Universities across North America adjust to 55+ crowd
In the United States, lifelong learning is quickly gaining momentum as more baby boomers look to broaden their horizons with new studies. There are now 117 Osher Lifelong Learning Institutes spread across all 50 states, many of them partnered with major universities, that cater specifically to a slightly older student base than traditional college age. This also appears to be the case in Canada, where educational institutes are implementing similar initiatives.
A year and a half ago, Danny Pendhall lost his job and decided that the best way to enter the workforce again was to start learning something new, according to Peace Arch News. He took a career development class at Simon Fraser University (SFU) in Burnaby, British Columbia and now he's employed by Progressive Intercultural Community Services, where he helps other people find work.
Other older Canadians are also going back to the classroom at SFU and other universities.
"Many SFU Continuing Studies students already have some post-secondary education, and yet they want to keep learning - either to prepare for a career change or to boost an already successful career," said Dean of Continuing Studies Helen Wussow.
In many cases, mature students have just as much to offer their fellow classmates as the professors themselves. Sandra Loucks Campbell of Renison College told The Kitchener Waterloo Record that baby boomers who go back to school "enrich" other people with their life experiences.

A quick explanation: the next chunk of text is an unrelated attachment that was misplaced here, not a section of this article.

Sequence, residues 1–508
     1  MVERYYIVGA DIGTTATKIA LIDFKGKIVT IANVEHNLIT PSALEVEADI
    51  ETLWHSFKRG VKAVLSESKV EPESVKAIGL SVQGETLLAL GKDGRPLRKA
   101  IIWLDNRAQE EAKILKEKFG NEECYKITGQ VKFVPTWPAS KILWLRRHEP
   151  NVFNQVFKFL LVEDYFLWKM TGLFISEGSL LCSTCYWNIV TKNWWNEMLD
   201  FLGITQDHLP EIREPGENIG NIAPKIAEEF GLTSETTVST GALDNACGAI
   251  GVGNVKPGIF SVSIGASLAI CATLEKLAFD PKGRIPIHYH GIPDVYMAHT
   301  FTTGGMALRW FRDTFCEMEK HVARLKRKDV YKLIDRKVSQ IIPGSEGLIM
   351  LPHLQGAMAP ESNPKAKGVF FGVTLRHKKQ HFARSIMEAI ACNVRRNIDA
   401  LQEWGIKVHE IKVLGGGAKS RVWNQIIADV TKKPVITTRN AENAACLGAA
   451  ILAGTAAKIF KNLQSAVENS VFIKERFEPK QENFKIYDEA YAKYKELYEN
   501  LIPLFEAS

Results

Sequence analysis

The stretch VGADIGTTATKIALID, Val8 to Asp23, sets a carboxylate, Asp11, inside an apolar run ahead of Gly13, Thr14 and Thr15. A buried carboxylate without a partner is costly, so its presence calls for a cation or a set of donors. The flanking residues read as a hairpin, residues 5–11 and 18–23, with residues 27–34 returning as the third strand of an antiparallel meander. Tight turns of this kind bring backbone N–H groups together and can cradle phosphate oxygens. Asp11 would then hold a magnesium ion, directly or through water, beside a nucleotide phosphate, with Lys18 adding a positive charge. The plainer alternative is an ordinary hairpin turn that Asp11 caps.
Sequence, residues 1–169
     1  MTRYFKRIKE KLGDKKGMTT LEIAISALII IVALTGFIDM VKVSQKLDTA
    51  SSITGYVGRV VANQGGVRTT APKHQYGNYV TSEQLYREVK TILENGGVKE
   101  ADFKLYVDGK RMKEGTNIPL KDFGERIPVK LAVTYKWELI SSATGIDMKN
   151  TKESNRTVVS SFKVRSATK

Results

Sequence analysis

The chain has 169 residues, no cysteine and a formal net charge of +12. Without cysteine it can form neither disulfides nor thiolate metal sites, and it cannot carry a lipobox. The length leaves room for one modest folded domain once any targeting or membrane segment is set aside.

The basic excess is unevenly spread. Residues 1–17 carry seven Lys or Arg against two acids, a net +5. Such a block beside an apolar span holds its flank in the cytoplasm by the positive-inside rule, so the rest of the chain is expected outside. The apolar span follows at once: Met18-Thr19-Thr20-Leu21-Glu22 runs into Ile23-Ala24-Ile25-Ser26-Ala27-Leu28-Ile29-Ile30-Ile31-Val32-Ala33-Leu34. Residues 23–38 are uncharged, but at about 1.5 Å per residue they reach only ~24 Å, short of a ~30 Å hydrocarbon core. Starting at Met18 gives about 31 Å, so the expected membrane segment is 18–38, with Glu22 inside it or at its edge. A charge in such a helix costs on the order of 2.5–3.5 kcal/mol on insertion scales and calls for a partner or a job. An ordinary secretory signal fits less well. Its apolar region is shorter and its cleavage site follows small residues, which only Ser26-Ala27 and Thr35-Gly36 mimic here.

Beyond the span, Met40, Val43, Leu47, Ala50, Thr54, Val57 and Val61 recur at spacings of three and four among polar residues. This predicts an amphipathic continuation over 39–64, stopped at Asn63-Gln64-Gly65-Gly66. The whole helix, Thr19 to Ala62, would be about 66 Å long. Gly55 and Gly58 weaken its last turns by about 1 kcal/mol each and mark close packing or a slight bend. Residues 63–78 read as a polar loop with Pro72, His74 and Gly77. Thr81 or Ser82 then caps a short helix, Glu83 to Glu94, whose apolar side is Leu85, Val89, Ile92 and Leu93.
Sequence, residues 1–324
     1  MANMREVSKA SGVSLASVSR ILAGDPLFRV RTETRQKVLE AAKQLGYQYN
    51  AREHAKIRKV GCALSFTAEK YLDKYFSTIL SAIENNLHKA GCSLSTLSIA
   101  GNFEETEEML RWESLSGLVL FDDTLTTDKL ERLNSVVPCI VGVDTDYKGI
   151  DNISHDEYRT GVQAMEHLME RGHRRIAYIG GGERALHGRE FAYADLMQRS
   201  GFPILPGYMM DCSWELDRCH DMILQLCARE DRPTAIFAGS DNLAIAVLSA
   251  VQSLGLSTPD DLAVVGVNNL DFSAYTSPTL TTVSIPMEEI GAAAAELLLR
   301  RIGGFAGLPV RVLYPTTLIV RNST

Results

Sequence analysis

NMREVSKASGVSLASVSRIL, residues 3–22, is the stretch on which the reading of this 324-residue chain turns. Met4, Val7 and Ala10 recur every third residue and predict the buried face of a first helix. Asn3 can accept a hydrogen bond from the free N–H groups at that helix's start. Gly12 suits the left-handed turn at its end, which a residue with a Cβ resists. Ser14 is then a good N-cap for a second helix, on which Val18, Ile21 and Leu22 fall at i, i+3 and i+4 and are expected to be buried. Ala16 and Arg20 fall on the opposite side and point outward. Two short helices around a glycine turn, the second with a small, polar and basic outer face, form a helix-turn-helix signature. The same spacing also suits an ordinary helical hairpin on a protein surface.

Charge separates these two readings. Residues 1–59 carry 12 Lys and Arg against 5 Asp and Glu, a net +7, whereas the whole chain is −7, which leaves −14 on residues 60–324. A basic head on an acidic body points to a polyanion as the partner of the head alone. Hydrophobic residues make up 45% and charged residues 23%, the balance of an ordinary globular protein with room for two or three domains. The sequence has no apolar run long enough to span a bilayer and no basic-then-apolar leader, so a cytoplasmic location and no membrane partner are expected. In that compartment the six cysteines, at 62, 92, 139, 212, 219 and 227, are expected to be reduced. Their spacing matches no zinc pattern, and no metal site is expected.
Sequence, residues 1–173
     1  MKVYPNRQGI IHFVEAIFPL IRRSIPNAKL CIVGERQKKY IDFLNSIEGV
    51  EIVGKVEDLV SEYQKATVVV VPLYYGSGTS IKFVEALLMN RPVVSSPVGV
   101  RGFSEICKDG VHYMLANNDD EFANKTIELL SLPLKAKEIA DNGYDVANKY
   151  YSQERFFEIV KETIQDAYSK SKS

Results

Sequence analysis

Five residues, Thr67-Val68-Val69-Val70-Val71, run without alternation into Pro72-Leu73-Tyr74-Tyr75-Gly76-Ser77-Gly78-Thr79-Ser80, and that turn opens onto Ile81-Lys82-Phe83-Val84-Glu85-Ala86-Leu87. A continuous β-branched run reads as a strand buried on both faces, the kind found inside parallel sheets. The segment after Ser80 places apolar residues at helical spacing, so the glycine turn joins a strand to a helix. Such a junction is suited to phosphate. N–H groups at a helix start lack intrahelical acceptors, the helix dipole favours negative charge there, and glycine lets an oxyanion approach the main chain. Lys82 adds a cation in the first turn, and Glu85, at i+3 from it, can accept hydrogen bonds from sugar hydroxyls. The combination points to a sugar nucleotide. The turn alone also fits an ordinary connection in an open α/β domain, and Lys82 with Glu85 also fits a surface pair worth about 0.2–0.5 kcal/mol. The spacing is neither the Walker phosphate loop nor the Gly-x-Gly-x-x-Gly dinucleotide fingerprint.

With the Peer Education at Renison (PEAR) program, Renison College is emulating a unique model put in place at McGill University. Older adults come together to share their knowledge with one another, with different speakers touching on a wide variety of subjects.
Speakers have included acclaimed author Mary-Eilleen McClear, astronomer Paul Schumacher and environmental expert Art Homett.
"The purpose is to give people over 55 an opportunity for lifelong learning, using the McGill model of sharing their wisdom," PEAR director Beverley Brookes told the publication. "We are giving out evaluation sheets for ideas and would like participants to become more involved as members or presenters."
Del Webb retirement communities such as Sun City Mesquite offer a number of ways for residents to participate in lifelong learning programs without having to commute to a college campus. The available classes give retirees the chance to study alongside their peers and learn about dozens of different subjects.
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In years past, it may have seemed unusual to see scores of older adults heading back to the classroom, but that is no longer the case. Many retirees make lifelong learning a priority once they leave the workforce, and few people are more emblematic of this growing trend than 92-year-old Ruth Elliott.
After retiring, adults have many decisions to make. Do they want to embark on an encore career? Travel? Perhaps they want to volunteer. But one of the most popular options for boomers is heading back to the classroom.
The baby boomer generation has been shaping travel trends for decades, and now as millions of its members are heading toward retirement, it is doing the same thing once again.
Heading back to the classroom has become a popular retirement activity for older adults.